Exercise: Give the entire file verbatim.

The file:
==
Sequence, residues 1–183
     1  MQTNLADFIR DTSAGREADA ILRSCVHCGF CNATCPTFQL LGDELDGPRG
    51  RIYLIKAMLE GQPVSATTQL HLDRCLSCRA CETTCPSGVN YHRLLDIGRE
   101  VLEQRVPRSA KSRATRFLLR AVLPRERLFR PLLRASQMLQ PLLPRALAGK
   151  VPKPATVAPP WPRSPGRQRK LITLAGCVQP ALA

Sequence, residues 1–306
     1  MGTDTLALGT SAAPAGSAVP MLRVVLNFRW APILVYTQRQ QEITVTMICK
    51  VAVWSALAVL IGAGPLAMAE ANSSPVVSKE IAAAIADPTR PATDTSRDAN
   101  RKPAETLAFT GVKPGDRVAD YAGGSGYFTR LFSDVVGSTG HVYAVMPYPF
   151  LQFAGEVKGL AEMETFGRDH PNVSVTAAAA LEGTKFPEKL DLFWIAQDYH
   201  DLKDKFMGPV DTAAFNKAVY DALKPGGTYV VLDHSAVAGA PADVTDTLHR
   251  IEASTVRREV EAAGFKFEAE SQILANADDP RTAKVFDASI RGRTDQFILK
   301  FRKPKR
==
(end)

Sequence, residues 1–183
     1  MQTNLADFIR DTSAGREADA ILRSCVHCGF CNATCPTFQL LGDELDGPRG
    51  RIYLIKAMLE GQPVSATTQL HLDRCLSCRA CETTCPSGVN YHRLLDIGRE
   101  VLEQRVPRSA KSRATRFLLR AVLPRERLFR PLLRASQMLQ PLLPRALAGK
   151  VPKPATVAPP WPRSPGRQRK LITLAGCVQP ALA

Sequence, residues 1–306
     1  MGTDTLALGT SAAPAGSAVP MLRVVLNFRW APILVYTQRQ QEITVTMICK
    51  VAVWSALAVL IGAGPLAMAE ANSSPVVSKE IAAAIADPTR PATDTSRDAN
   101  RKPAETLAFT GVKPGDRVAD YAGGSGYFTR LFSDVVGSTG HVYAVMPYPF
   151  LQFAGEVKGL AEMETFGRDH PNVSVTAAAA LEGTKFPEKL DLFWIAQDYH
   201  DLKDKFMGPV DTAAFNKAVY DALKPGGTYV VLDHSAVAGA PADVTDTLHR
   251  IEASTVRREV EAAGFKFEAE SQILANADDP RTAKVFDASI RGRTDQFILK
   301  FRKPKR